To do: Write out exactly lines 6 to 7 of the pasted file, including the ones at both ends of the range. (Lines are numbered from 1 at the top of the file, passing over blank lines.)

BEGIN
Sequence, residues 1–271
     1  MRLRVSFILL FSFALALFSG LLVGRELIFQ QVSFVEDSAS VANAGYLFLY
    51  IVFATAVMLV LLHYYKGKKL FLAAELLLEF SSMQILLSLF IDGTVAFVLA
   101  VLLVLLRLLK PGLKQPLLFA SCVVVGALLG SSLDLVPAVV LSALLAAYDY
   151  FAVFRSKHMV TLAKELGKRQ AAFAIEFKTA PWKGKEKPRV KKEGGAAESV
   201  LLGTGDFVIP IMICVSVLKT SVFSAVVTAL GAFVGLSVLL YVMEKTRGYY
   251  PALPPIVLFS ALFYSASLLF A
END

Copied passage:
   201  LLGTGDFVIP IMICVSVLKT SVFSAVVTAL GAFVGLSVLL YVMEKTRGYY
   251  PALPPIVLFS ALFYSASLLF A